mills are

extremely simple
the

passing

down from

centre

of the

upper

stone,

on

its

lower end a wooden fan upon which

the

water pours with considerable force from a wooden

spout, causing the fan to revolve.


in

The wheat

is

washed

a tank supphed from the same source.


In
almo.st

every street

may be heard
to

the sound of

running streams, and often the splashing and grinding


of mills
is

added
its

the varied sounds with

which the

and through from springs

them,
in

Under the houses and by the water volume the town, and by conduits bringing
air is filled.

swelled

special supplies for special people, the river rolls along,

and though
the
drains

it

affords

an excellent
this

means of

flushing

which

on

account are by no means so

odoriferous as in the other towns

it

creates an unhealthy
citizens betoken,
oubliettes

dampness, as the countenances of the


* Stories are told of houses of ill-fame, having
the
river,

overhanging
ashore on

into

which
^

the

bodies

drop, and

when

they

float

anyone's property they are promptly pushed off again into the stream to
prevent complications.
t
It

been asserted that the supply and drainage system are one, which, being an absurdity, is a palpable libel. The drainage system lies below the level of the fresh river water, and was organized by a French renegade rather more than a century ago, under Mohammed XVII,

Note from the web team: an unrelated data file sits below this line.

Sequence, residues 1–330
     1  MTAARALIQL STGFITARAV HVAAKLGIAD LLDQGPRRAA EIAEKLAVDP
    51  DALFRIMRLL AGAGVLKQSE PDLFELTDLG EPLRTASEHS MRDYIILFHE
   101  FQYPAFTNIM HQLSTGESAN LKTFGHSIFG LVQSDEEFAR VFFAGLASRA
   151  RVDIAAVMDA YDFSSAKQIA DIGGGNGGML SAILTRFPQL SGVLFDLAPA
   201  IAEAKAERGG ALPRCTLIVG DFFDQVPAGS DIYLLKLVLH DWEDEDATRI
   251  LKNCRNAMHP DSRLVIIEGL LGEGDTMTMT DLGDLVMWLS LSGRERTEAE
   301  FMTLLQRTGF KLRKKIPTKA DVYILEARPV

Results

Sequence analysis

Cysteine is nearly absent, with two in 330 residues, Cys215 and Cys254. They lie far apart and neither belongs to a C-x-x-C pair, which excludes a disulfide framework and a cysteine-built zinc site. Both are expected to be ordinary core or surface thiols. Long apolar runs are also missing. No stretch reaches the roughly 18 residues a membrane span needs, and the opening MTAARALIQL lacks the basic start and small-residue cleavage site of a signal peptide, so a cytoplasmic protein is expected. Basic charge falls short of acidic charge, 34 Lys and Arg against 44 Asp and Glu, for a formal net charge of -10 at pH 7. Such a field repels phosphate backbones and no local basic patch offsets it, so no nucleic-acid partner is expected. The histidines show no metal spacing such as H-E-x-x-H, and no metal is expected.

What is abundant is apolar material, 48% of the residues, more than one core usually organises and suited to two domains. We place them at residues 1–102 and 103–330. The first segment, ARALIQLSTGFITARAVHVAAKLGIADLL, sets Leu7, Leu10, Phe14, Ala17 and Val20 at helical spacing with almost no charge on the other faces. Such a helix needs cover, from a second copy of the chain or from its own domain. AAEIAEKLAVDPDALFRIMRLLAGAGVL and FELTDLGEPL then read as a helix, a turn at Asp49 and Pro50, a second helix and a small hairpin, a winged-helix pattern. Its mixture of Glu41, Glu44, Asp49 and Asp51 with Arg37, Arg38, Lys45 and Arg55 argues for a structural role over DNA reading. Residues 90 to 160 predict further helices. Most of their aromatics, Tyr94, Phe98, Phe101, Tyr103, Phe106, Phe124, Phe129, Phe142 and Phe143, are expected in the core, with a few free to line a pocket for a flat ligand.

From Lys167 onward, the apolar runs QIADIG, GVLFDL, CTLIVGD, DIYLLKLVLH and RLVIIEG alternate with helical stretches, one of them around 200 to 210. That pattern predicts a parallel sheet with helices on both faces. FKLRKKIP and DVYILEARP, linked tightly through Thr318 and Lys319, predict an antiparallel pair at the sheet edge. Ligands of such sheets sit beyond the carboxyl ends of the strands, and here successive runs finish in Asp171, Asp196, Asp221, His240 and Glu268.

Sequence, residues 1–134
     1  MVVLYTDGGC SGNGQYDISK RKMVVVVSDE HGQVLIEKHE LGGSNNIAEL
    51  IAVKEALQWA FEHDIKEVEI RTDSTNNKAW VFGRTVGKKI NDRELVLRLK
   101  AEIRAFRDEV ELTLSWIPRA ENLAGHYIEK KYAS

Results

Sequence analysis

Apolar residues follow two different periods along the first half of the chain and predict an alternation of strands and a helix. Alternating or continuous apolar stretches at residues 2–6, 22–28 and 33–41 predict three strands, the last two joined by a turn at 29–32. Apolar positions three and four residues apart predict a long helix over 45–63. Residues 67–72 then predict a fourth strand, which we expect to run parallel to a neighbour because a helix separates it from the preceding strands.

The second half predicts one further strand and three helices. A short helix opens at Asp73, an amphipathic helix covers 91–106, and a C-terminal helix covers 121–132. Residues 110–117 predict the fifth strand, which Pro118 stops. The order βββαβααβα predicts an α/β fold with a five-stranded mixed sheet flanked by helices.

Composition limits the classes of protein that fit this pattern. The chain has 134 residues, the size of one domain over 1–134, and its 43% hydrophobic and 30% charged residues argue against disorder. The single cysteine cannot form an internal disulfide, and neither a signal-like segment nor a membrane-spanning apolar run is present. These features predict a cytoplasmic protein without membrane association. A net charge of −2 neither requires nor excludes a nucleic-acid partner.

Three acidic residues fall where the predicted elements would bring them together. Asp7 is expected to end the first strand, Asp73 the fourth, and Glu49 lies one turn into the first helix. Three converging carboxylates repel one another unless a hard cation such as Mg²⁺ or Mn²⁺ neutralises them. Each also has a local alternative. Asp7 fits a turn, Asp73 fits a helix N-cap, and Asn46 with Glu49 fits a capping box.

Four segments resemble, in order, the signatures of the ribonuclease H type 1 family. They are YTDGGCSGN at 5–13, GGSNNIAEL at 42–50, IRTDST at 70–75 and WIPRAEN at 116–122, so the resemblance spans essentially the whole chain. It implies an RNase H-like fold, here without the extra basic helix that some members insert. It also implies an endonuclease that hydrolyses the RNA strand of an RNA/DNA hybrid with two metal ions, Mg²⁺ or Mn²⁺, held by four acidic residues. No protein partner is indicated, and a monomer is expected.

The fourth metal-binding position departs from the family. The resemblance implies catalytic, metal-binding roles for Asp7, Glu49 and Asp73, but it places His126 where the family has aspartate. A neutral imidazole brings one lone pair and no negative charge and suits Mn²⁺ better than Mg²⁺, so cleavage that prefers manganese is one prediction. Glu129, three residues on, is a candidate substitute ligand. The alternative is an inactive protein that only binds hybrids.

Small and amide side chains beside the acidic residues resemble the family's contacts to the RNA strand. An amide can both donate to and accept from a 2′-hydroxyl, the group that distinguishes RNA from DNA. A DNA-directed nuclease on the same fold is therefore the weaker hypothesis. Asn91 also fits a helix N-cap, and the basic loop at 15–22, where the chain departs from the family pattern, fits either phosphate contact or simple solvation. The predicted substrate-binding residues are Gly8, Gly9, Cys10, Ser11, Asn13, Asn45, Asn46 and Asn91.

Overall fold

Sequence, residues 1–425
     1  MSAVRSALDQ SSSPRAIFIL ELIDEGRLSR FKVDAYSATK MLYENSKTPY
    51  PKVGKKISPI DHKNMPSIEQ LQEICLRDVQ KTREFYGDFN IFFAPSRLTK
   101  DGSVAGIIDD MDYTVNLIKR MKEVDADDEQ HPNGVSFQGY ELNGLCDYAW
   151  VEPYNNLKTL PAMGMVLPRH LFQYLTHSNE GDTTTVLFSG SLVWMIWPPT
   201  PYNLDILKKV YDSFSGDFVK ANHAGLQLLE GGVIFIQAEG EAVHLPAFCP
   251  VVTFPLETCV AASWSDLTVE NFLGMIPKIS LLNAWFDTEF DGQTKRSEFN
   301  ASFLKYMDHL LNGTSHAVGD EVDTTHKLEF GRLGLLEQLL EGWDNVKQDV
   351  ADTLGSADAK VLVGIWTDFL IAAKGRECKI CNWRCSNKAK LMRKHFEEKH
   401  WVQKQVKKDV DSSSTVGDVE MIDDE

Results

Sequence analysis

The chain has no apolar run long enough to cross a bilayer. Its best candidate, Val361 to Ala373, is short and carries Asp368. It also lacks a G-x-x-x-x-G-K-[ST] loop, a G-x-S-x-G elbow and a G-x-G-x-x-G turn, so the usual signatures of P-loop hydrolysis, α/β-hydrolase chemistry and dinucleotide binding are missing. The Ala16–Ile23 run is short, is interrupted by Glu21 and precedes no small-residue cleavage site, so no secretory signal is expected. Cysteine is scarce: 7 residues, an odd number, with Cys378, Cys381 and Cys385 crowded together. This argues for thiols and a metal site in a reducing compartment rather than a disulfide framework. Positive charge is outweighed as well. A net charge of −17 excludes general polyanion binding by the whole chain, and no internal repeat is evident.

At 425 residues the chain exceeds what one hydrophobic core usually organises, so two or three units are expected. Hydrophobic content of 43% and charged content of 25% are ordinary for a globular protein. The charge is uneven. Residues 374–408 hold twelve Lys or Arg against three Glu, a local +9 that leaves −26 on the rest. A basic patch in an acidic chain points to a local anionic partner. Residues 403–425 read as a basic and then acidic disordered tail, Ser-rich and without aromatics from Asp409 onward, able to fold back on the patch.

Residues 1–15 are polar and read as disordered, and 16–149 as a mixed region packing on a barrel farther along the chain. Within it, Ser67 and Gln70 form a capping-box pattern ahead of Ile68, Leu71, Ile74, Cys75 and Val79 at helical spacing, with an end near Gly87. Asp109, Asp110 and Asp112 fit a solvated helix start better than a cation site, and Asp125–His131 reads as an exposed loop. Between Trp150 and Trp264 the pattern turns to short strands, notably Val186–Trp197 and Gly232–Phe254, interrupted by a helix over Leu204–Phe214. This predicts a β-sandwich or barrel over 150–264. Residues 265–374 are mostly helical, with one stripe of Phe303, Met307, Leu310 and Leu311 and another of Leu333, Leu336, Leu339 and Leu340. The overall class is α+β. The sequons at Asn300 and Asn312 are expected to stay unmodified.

has

Ekckmann,

p.

138.

CLIMATE
When
water
is

251

the

town becomes very


to

dirty

allowed

run

down

the

streets

and muddy the by opening


^
Strcct-Cleatiing.
,

purpose in the conduits, and stop^ ^ ping the ordinary exits of the water, so that
lids for the

...

and cleanses the paving, to the inconveand the delight of unshod, passers-by. Generally the inhabitants of Fez prefer the muddy river water to that of the pure springs which abound in certain quarters of the city, since these latter are mineral, and
it

overflows

nience

of shod,

"heavy," while the river water is considered Europeans drink from the springs. On account of its pecuhar situation in a hollow, Old Fez is protected from the most violent storms, so that when it rains the down-pour is fairly direct, Climate. , the atmospheric disturbance to which it is due being much higher up, and but slightly affecting the lower Thus it is remarkable how slightly the strata of air. barometer falls for rain, and while for the same reason it becomes hot and close in summer, slight frosts are not unknown in winter. This season is attended by one great inconvenience, that, owing to the absence of roads, communication with the outside world is almost entirely suspended for days together^ at all events during the liaH rains from December 23 to February i.
are
called

"light."

The temperature
a few nights

varies in the shade from 30 F. during

an occasional 115 in summer, depending on the wind rising rapidly during south and south-east winds to 90 at night and 100 to 110 during the day. After